Archeologist and anthropologist Dr. Allison McGovern will give a virtual lecture on the 19th-Century saltbox structure that was owned by Montaukett George Fowler on June 7 via Amagansett Library.
Fowler’s family was displaced from Indian Fields in Montauk in the 1870s. The Fowler House is now owned by East Hampton Town.
Dr. McGovern is Senior Archaeologist at VHB Engineering, Surveying, Landscape Architecture, and Geology, P.C. She earned a Ph.D. in Anthropology at the CUNY Graduate Center and has worked extensively on Long Island archaeological and historic sites.
Dr. McGovern spoke with The Independent this week.
What is it about the Fowler House that is of interest to an archeologist?
The Fowler house is in the Freetown neighborhood of East Hampton. From an archaeological standpoint, the site is interesting because it can demonstrate how sites from the recent past can yield archaeological information during a well-documented period, about people who are not well-represented in local and national histories.
The Fowler house was inhabited from circa 1885 to circa 1980s by a Montaukett family who witnessed significant change in the Town of East Hampton. They were dispossessed from their ancestral village at Montauk, and when they went to court to regain their land, New York State detribalized the Montauketts. So, this site is incredibly significant as the only Montaukett landmarked site, and because it continues the narrative of Montaukett survivance by representing materially one Montaukett family’s histories.
How can archeology be used to better understand history?
The East End is incredibly rich in indigenous history, and one of the resources for understanding that history is archaeology. Archaeology can tell us much about the unwritten, pre-Columbian past. But archaeology is also useful in learning about the lives and lived experiences of people during the colonial and historic periods. For instance, archaeological sites often yield information, such as broken pieces of ceramics and animal bone fragments, that can help us understand socio-economics and consumption for people in the past.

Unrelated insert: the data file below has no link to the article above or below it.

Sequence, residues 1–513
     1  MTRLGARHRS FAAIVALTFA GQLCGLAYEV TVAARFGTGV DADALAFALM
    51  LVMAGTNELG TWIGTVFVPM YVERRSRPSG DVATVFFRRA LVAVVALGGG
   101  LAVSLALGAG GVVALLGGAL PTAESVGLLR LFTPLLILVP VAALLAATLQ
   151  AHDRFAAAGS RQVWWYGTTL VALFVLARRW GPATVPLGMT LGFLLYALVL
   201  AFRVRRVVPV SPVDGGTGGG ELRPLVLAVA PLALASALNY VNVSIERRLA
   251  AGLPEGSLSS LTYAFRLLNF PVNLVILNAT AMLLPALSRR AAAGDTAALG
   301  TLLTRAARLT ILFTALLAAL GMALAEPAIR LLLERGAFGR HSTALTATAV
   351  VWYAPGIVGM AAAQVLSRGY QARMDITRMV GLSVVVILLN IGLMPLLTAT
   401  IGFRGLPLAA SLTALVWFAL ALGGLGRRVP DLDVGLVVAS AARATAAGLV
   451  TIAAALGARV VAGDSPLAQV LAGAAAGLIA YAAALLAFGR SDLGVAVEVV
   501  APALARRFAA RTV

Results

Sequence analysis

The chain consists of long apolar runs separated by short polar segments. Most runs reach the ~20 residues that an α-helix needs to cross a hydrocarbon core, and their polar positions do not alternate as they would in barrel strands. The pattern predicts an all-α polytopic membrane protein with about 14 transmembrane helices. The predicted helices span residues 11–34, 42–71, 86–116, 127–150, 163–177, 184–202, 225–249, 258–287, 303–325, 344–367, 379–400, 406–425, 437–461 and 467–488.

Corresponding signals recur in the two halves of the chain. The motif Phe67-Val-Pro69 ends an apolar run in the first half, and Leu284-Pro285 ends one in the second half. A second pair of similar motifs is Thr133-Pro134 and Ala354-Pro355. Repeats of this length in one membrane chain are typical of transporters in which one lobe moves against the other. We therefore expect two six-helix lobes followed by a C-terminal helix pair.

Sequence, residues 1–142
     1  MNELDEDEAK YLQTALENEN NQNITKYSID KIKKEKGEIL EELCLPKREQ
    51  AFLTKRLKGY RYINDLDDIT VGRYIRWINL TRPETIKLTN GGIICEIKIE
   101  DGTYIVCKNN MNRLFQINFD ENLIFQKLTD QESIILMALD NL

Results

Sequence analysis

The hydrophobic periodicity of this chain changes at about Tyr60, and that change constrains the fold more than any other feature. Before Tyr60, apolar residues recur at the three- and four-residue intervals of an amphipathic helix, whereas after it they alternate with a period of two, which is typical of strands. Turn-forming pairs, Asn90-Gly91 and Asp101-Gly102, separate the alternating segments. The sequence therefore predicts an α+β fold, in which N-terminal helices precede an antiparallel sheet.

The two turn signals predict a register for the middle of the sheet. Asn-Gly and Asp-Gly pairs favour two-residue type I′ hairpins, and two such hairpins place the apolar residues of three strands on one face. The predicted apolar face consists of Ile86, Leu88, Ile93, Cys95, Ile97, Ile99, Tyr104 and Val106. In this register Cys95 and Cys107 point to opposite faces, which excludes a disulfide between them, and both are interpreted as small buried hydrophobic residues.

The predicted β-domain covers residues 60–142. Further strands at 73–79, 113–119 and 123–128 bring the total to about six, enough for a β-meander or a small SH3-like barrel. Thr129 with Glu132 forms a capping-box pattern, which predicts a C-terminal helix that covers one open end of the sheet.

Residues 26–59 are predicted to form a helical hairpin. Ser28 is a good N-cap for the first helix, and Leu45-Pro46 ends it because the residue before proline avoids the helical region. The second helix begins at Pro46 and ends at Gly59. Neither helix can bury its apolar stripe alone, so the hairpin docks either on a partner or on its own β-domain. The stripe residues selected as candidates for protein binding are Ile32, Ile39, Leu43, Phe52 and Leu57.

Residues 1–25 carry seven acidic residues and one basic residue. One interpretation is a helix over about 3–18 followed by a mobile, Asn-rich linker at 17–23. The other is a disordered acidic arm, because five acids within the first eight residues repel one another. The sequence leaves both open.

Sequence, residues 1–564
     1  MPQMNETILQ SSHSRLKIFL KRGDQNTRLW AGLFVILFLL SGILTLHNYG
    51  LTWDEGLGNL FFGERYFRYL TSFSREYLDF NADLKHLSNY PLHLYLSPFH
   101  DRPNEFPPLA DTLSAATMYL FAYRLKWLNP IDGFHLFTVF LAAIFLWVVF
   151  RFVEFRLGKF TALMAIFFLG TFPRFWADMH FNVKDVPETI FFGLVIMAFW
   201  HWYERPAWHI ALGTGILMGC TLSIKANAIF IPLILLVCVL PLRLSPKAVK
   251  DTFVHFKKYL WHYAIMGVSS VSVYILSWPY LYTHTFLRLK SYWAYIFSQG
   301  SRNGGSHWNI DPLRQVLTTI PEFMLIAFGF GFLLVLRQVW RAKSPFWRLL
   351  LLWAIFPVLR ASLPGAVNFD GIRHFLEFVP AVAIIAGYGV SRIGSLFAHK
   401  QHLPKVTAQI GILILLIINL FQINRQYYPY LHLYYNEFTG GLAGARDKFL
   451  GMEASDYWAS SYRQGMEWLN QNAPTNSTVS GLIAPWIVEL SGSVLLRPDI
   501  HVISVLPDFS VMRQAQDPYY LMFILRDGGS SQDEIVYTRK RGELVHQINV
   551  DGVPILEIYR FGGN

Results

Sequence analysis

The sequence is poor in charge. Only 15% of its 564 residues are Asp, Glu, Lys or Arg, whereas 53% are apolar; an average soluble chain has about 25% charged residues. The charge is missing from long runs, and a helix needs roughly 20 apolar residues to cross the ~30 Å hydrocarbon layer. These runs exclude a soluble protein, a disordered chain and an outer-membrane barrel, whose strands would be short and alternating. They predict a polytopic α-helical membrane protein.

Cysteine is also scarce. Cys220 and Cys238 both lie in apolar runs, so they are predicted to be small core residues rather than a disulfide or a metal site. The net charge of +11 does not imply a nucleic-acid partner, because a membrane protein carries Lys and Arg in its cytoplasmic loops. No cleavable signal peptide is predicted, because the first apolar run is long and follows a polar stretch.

Which are your favorite archeological sites?
The Fowler site is one of my favorite archaeological investigations. With the help of descendant connections and documentary resources from the local libraries, this site represents an interesting time period in Montaukett history. I continue to learn about the site from people who are connected to it, and the personal connections that some people have with the site makes the work feel both personal and powerful.
What is the coolest thing you’ve ever found?
One time, when I used to work for Stony Brook University, we were digging at a site in Head of the Harbor and as we were digging down in our square unit, we came down on a set of slate-lined brick steps that were completely in line with our excavation unit. It turned out to be a front entrance to a 19th-Century residence.
What is your connection to the East End?
I’m a Long Islander (born and raised). I guess I became more interested in East End history when I began working in archaeology 15 or so years ago. My work as an archaeologist is connected to land development. The work I do is considered compliance archaeology and it’s regulated by federal, state, and local laws. If development is occurring in an area of archaeological sensitivity, then state laws and/or local regulation may require an archaeological investigation.
Through this work, I have learned so much about Long Island pre- and post-Columbian past. Then about 10 years ago when I started doing my dissertation research, I began working with an archaeological collection from the Indian Fields site in Montauk. Since then, I’ve become more interested in how we can make connections across the East End using data from archaeological sites.
What can people who tune in to the Amagansett Library talk expect?
If you tune in to the presentation, you will learn about the Fowlers who lived at the site. You will also hear about how archaeology was done at the site, and what we discovered about Montaukett life. You will get glimpses of artifacts from the site, and you will learn about how the site became a town landmark.
Register by sending an email to firstname.lastname@example.org. The talk is scheduled for 3 PM on Sunday.